The distribution and abundance of ferric iron in larval lampreys (Petromyzon marinus L.) were investigated using light microscopy and the Prussian blue stain. Animals from various watersheds contained different concentrations of iron, although the sites of deposition were the same for all animals. A major portion of iron is within adipose tissue, while the liver, and cartilage contain predominantly low to trace amounts of iron, respectively. Iron is associated with fibrous connective tissue in several places in the body, and this association may have particular significance in the inner ear. Iron is also located in cells of the meninges. The presence of iron in the epithelial cells of the posterior intestine may reflect elimination of the metal through the extrusion of iron-loaded cells into the intestinal lumen. Iron within mucous cells of the epidermis, suggest elimination of iron during mucous secretion. Iron-loaded cells of bipolar shape are also present in the epidermis, but are particularly prominent around the branchiopore. Low concentrations of iron are observed within in melanin-containing macrophages (melano-macrophages) in regions of iron absorption, erythrophagocytosis, and haemopoiesis. High levels of iron in the epithelia and lumina of pronephric tubules are concomitant with degeneration of this organ. These data are evidence of the wide spread distribution of iron in lamprey tissues and additional evidence for the potential value of lampreys for the study of iron metabolism in vertebrates.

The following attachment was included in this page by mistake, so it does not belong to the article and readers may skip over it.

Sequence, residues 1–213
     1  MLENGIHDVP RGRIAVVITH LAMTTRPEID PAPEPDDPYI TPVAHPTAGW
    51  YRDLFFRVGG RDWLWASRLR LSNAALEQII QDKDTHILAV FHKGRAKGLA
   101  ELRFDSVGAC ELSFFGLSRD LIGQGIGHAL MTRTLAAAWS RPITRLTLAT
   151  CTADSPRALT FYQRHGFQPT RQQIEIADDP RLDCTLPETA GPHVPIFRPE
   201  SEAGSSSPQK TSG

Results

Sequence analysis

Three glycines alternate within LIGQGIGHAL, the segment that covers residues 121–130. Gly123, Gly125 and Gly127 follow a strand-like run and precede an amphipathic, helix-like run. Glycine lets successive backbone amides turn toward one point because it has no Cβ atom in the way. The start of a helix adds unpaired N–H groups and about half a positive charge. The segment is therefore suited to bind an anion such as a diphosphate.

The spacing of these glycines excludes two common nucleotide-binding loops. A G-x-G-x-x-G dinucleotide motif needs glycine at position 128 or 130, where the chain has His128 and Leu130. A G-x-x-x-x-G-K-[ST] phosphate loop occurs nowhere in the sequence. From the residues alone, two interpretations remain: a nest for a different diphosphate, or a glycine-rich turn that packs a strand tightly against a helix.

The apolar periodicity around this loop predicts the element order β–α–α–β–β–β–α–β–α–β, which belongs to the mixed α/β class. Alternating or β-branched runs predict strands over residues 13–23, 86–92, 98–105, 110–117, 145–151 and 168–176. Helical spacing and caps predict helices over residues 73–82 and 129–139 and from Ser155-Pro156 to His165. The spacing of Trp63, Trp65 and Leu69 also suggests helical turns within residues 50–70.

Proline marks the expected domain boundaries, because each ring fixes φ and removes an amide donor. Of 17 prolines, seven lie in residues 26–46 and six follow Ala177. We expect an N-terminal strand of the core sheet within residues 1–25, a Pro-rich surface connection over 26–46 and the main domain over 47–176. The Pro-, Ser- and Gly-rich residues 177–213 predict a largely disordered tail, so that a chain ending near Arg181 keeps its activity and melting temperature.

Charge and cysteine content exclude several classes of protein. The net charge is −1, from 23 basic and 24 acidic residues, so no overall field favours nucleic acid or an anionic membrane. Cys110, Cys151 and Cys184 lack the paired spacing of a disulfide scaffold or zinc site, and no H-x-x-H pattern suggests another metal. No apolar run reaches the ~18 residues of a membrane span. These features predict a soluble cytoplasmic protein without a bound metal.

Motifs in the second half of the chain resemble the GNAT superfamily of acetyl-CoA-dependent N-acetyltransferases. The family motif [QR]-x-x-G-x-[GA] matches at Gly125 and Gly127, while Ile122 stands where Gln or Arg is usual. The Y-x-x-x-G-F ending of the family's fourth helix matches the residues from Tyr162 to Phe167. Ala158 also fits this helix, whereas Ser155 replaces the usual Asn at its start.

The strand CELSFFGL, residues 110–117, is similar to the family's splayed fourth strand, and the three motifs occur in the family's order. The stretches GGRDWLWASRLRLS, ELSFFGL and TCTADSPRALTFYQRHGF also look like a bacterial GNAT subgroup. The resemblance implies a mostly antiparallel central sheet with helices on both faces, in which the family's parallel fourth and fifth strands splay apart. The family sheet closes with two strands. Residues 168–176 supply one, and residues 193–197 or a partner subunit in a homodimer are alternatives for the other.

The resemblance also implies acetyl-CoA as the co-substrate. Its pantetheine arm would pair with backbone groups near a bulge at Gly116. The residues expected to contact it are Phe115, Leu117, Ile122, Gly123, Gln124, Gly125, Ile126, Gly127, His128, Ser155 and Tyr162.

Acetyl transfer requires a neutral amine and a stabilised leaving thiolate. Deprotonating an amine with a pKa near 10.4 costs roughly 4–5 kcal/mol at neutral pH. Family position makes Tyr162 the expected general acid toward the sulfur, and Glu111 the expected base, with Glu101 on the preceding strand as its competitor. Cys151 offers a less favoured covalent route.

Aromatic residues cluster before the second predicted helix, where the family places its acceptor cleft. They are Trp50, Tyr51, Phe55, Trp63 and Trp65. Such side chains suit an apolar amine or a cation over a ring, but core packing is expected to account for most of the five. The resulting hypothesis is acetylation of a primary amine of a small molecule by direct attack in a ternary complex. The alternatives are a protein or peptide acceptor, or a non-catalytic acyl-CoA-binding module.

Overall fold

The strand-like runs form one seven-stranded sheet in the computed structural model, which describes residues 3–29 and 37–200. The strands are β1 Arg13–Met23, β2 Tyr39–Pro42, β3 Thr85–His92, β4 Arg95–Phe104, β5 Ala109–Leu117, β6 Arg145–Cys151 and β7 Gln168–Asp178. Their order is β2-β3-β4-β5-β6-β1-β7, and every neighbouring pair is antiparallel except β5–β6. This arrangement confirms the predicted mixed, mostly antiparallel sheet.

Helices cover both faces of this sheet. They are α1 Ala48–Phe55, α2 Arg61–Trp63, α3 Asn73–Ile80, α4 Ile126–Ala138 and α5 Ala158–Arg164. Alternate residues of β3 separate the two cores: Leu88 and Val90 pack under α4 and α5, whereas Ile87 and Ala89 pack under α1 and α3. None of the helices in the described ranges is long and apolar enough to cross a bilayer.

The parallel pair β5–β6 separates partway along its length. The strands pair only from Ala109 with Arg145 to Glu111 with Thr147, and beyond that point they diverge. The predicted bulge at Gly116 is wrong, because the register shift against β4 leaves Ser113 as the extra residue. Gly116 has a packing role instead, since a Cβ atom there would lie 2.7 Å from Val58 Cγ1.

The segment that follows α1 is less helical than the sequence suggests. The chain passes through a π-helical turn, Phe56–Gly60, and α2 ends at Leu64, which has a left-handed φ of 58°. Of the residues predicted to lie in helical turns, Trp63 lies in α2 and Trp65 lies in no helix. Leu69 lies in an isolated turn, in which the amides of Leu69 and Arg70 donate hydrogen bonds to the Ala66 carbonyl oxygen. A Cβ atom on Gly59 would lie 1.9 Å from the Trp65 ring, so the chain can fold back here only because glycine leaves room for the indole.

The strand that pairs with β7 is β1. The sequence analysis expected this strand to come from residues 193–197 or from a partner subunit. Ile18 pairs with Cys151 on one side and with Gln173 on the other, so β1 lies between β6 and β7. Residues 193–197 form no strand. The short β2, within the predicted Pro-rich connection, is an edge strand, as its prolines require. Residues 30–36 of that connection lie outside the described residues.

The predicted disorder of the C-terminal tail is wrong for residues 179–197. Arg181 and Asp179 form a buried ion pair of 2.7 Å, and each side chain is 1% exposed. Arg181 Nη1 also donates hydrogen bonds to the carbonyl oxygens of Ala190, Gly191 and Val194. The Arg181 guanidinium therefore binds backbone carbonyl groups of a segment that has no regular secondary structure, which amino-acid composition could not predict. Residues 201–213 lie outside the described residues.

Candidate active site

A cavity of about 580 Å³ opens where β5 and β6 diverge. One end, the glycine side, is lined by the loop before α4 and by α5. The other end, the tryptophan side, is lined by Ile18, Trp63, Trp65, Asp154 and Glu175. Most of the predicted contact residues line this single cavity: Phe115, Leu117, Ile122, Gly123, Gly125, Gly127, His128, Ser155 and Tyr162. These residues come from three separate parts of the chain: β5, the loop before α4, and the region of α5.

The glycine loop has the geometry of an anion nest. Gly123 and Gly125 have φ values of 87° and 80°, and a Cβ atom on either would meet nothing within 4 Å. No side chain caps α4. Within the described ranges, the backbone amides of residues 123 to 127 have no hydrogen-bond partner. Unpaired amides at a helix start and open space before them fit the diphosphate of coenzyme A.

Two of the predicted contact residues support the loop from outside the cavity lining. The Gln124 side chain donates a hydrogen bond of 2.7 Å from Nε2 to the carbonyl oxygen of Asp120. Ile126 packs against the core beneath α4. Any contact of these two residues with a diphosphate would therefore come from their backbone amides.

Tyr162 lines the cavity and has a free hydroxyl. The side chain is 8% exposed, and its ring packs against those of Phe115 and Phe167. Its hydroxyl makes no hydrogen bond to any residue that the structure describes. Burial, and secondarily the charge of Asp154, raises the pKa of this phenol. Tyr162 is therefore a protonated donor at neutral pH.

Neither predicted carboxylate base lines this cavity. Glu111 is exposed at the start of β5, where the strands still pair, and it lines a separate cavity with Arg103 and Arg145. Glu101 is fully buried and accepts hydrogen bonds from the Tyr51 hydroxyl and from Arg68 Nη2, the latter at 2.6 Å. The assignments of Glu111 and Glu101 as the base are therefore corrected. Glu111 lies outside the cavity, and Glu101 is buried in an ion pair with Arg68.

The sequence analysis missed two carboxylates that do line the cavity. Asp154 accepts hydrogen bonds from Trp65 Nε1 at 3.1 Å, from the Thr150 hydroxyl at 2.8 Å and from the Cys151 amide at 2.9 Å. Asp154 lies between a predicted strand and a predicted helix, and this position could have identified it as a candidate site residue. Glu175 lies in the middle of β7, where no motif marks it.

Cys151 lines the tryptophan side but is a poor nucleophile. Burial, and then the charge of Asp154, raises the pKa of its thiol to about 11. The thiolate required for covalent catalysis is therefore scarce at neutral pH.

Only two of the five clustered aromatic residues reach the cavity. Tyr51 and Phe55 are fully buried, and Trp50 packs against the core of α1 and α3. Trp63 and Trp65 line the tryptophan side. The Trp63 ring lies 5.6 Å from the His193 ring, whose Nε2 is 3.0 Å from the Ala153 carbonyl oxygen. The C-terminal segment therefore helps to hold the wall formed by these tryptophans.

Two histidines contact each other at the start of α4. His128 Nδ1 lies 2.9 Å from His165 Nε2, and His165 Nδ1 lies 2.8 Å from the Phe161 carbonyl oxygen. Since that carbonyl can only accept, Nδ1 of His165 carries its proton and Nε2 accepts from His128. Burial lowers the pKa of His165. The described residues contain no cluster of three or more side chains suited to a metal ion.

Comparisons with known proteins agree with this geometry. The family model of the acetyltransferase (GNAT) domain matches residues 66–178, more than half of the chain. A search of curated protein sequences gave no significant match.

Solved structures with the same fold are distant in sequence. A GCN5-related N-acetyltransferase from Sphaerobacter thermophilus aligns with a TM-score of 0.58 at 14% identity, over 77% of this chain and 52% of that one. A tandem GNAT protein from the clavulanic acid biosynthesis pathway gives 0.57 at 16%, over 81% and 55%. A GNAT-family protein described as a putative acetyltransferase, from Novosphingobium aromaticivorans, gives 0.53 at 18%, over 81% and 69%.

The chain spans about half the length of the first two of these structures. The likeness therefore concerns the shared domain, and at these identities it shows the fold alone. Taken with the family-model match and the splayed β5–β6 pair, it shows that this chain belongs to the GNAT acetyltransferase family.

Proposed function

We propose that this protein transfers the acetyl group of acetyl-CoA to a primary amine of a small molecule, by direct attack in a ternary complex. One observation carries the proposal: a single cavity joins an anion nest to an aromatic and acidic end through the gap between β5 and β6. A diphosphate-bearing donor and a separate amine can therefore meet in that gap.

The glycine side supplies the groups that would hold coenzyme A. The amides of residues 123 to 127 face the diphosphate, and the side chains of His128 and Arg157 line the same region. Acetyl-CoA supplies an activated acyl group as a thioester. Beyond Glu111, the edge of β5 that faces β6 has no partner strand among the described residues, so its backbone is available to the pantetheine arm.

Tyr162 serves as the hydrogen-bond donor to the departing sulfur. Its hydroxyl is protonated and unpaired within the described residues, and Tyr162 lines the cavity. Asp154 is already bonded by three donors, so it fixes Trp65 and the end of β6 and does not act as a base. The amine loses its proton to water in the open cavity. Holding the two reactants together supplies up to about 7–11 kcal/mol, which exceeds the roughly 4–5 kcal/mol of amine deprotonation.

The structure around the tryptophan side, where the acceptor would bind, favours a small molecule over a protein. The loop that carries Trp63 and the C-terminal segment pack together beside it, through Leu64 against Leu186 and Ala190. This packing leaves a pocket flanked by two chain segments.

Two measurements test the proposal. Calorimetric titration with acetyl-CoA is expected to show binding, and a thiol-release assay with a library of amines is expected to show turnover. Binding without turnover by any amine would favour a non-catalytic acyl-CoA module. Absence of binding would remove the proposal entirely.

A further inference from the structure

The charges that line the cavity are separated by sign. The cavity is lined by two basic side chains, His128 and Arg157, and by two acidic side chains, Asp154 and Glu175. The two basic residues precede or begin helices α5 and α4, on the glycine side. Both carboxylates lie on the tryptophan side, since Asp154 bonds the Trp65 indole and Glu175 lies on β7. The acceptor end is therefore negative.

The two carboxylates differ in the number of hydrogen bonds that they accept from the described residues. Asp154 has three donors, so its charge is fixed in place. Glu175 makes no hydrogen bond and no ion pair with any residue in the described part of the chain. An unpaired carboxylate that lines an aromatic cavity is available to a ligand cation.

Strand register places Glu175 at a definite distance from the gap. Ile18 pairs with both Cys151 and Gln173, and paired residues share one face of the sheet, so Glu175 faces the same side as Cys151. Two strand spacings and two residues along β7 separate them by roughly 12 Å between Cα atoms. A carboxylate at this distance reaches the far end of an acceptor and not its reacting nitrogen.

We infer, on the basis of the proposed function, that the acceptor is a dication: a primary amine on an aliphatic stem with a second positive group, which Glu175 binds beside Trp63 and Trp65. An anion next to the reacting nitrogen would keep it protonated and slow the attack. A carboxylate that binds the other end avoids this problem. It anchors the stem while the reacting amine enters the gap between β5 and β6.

7. Physical and mechanical properties of hemp seed

    NASA Astrophysics Data System (ADS)

    Taheri-Garavand, A.; Nassiri, A.; Gharibzahedi, S.

    2012-04-01

    The current study was conducted to investigate the effect of moisture content on the post-harvest physical and mechanical properties of hemp seed in the range of 5.39 to 27.12% d.b. Results showed that the effect of moisture content on the most physical properties of the grain was significant (P<0.05). The results of mechanical tests demonstrated that the effect of loading rate on the mechanical properties of hemp seed was not significant. However, the moisture content effect on rupture force and energy was significant (P<0.01). The lowest value of rupture force was obtained at the highest loading rate (3mm min-1)and in the moisture content of 27.12% d.b. Moreover, the interaction effects of loading rate and moisture content on the rupture force and energy of hemp seed were significant (P<0.05).